Forms of Compensation

When an employee is injured at work there are two remedies available, depending on the circumstances. They are:

  • workers compensation benefits; and
  • the right to claim damages.

Sometimes both remedies are available, but the employee will only be able to keep one form of benefit and will have to refund (with certain limited exceptions which will be discussed) any other benefits that were received.

Social security payments may also be available pending the resolution of disputed workers compensation and damages claims, but these too may have to be refunded.

How to Claim

An injured worker must notify the employer either verbally or in writing of the accident as soon as possible and before the worker has voluntarily left employment (s32Workers Compensation and Rehabilitation Act 1988 (Tas)). Notice may be given after the worker has voluntarily left employment where the injury is one contracted by gradual process (s80).

While the claim for compensation must be made within six months of the accident, failure to make a claim within six months or to give notice of the injury will not be fatal if the failure resulted from mistake (but not ignorance) or other reasonable cause.

Usually the employer will require the employee to complete a claim form, and will submit that to the insurance company together with a form completed by the employer. The insurance company will then investigate the claim. It may use an investigator to assess the circumstances of the accident and to obtain medical evidence. The failure of a worker to cooperate with the insurance company to obtain medical certificates from the doctors who have treated them, will result in delays in dealing with the claim. A claim for compensation shall be in the prescribed form and accompanied by a prescribed certificate from a medical practitioner.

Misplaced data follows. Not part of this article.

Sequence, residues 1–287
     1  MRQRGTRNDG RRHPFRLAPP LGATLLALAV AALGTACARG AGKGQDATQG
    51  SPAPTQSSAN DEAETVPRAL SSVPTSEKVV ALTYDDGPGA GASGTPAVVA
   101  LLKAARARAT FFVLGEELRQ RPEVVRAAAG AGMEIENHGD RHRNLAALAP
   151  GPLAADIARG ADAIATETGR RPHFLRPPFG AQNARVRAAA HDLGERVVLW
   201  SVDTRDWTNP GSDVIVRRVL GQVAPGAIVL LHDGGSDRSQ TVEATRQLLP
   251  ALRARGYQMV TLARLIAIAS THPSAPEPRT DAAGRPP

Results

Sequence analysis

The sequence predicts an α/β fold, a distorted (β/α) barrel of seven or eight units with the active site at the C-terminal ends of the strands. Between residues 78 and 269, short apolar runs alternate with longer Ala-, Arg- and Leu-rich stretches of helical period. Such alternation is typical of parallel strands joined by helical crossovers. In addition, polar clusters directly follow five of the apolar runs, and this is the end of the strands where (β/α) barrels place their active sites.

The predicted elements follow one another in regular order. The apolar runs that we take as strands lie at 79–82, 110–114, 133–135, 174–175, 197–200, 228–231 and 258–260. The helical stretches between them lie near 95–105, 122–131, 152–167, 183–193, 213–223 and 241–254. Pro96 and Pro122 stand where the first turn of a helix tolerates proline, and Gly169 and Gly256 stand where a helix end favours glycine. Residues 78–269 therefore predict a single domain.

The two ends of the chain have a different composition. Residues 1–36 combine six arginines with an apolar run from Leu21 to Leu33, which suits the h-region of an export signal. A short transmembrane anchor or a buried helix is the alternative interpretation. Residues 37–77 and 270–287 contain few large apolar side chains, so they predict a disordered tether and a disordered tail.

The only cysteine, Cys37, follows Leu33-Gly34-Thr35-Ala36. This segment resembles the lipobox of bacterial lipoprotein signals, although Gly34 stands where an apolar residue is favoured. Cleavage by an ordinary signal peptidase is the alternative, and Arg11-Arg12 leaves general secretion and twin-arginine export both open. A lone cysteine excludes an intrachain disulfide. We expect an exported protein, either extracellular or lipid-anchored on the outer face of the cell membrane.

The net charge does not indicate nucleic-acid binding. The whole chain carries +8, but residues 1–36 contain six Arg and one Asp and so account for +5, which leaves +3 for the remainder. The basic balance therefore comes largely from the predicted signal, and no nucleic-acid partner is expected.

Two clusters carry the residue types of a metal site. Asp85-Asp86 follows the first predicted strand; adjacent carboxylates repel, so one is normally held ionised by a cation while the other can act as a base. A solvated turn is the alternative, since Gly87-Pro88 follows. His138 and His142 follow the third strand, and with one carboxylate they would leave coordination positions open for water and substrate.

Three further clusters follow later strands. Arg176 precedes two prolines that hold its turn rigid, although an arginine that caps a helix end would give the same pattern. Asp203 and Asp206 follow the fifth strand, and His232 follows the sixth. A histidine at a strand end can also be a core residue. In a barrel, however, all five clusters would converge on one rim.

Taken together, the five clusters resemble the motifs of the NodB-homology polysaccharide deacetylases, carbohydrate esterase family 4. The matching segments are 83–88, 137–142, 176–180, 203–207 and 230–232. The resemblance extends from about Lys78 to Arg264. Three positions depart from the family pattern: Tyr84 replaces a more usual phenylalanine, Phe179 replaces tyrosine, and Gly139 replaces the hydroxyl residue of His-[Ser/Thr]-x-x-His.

Where a claim is denied by an insurance company, the worker may take action in the Workers Compensation Tribunal. In the event that the employer does not pay compensation or does not refer the dispute to the Tribunal, the worker can refer the dispute to the Tribunal.

An employer, on receiving a claim for compensation, can dispute or pay the claim. If the claim is disputed, the employer or insurer must notify the worker of the dispute, in writing, and refer the dispute within 28 days to the Tribunal and seek a stay on payments of compensation pending the hearing of the dispute (s77AA). If the employer does not refer the dispute to the Tribunal within the prescribed time period the employer will be bound to make weekly compensation payments (ss81AB and 81AC).

Defences Available to Employers


Some typical grounds of defence relied on by employers are:

  • denial of the injury;
  • denial of the injury coupled with the defence that (if an injury was received) it did not arise out of or in the course of the worker's employment with the employer;
  • that the employer has paid to the worker all compensation to which they are entitled;
  • that there was no incapacity; and/or
  • that any incapacity is unrelated to the worker's employment.

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